August 14, 2007
As the shoe company Simple puts it, “Just because a shoe is planet-friendly, doesn’t mean it has to look like a hippie clod-hopper.” They’ve got that right. Just look at these organic, vegan-approved, hemp-whatever fashion tragedies — the “sport style” looks like something you’d need to show proof of senior citizen status to wear (no offense to senior citizens, I know you need plenty of arch support).
Now, I know Birkenstocks made a big comeback and all when they started getting into silver and gold colour schemes and different patterns. And they do have this little press release about their environmental efforts and all, but they’re still kinda ugly, and besides, I’m committed as of last week to not buying anymore leather.
So when it comes to a new set of kicks, I’ll be looking to brands like Simple to help me out. As they say on their website, their new EcoSneaks line is manufactured using sustainable materials like recycled car tires, used plastic bottled, bamboo, jute and organic cotton. As well, they’ve cut down on the packaging, so you can feel less guilty about ordering online and having them shipped.
August 11, 2007
I remember, back in grade school, I had total pencil case envy. This girl who sat beside me had the coolest zip-up canvas case with cute little ducks on it, and inside she had Hi-Liters in every colour, one of those four-in-one pens, perfectly sharpened pencils and — the coup de grâce — Wite-Out, in pen and tape form. Whenever I screwed up on some French test and had to bring out my generic brand of correction fluid in its crusty jar with white goo caked all over the brush, I felt completely inferior.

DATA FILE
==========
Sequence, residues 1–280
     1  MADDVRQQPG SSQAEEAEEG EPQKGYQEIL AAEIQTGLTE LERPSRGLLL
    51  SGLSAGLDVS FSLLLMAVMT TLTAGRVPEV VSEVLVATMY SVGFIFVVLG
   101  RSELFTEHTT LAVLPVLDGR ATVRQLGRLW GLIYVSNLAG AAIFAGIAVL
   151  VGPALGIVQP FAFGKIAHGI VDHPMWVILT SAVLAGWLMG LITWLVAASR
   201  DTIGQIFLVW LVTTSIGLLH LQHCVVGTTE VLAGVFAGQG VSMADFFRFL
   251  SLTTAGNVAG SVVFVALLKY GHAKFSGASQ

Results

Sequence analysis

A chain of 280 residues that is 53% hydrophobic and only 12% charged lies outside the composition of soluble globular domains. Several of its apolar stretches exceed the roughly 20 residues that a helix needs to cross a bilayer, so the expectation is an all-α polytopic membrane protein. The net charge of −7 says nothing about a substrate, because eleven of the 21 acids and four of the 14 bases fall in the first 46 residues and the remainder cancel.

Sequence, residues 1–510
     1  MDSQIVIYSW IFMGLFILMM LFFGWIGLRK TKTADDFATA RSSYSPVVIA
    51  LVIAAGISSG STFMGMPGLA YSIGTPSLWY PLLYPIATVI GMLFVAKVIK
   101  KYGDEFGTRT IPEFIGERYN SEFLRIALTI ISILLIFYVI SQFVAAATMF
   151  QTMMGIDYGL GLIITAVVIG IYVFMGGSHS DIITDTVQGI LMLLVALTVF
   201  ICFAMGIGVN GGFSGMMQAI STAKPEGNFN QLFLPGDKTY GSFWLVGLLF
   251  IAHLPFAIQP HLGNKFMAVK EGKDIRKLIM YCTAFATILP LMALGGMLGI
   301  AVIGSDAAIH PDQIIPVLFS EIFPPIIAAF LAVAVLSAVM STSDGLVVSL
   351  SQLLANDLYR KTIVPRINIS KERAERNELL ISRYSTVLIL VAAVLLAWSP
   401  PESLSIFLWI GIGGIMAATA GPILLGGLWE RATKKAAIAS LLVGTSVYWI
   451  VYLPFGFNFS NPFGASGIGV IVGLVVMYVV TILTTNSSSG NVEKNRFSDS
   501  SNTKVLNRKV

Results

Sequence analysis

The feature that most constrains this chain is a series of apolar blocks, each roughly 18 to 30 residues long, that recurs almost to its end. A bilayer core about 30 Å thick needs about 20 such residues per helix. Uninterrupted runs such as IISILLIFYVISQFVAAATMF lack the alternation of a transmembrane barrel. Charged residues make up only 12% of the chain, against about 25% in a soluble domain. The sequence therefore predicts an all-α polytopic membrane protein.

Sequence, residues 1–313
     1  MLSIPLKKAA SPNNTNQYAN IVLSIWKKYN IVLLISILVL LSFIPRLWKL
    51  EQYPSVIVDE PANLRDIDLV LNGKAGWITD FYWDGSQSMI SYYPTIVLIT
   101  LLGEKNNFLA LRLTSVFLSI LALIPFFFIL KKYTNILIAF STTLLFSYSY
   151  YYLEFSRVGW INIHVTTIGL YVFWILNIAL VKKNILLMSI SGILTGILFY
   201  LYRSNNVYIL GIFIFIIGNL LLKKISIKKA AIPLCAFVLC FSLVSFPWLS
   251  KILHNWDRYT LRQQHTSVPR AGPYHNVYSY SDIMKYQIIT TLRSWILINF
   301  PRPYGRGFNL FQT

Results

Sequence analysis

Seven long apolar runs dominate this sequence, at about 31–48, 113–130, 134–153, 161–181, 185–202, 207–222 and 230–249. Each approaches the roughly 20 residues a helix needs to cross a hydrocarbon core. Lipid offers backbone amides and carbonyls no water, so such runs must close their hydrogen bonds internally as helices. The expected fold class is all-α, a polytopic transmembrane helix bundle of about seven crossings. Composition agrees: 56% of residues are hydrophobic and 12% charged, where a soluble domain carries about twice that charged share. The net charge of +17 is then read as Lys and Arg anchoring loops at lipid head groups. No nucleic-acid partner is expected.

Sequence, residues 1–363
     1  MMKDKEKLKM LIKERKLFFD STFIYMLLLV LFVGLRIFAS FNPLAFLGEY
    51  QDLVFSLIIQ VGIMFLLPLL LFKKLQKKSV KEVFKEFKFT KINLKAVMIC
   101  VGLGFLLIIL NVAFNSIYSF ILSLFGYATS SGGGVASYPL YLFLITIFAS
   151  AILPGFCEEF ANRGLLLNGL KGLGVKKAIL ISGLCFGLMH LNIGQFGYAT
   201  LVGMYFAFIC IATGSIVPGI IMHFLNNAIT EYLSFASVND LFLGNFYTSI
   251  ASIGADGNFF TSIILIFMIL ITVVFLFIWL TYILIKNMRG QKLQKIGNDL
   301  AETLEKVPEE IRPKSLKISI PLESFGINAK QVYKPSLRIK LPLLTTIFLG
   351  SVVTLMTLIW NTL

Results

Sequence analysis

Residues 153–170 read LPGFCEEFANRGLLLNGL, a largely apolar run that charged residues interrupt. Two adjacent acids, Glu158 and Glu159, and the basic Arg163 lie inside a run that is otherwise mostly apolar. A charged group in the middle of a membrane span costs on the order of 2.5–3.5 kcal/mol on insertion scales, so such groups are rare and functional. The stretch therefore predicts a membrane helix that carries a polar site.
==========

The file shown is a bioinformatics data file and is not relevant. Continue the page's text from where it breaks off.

But now, it’s a different story. I rarely write anything by hand, and if I’m typing something up, chances are I’ll be emailing it sooner than printing it. And if I do make a mistake on a form or an essay, I simply cross it out, correct and initial it. While the end result may not look as pretty, it saves having to use a plastic container of mildly toxic paint.
Although it’s arguably not much of a change, per se, to say that I’m not going to use Wite-out anymore, it’s a commitment I haven’t made officially until now. Besides, it’s the weekend, and I’m stuck in Portland, Oregon. Cut me some slack, will ya?
August 9, 2007
I was going to make today’s post about e-cards and how they’re a more environmentally sound alternative to regular greeting cards because no paper is involved. But to be honest, I just can’t do it. I can’t give someone a birthday or Christmas present without a card physically attached.
So instead, I’m just going to make them myself from scrap paper around the house or get one of these nifty cards that have wildflower seeds embedded into them, which you can plant in the garden. Although the one in the photo comes in a plastic sleeve, I’ve seen others that come without any packaging, and I think it’s a nice alternative — instead of sending the message that you’re too lazy and cheap to get a real card, it says that you put some extra thought into it and decided to do something that would give back to the earth rather than take from it.
The only downside to this is that most of these eco-cards don’t come with funny messages written on them, which means I’ll have to give my sense of humour a little pep talk. I think I might have to just steal some lines from the Selfish Kitty guys (my favourite is the “Bool Banch” one).
Photo of a plantable greeting card from this site
August 7, 2007
My cat is excrutiatingly particular about her treats, but after the recent pet food scares I’ve been even more particular about which brands I’ll let her have. She’s always liked her Temptations, preferring the crunchy outside and chewy inside to the more uniform consistency of Pounce treats, and one of her all-time favourites was Pup-Peroni, which is meant for dogs but she goes bonkers for anything bacon-flavoured.
But Soph is getting older now — she’s about middle age in cat years — and I wanted to start giving her something healthier.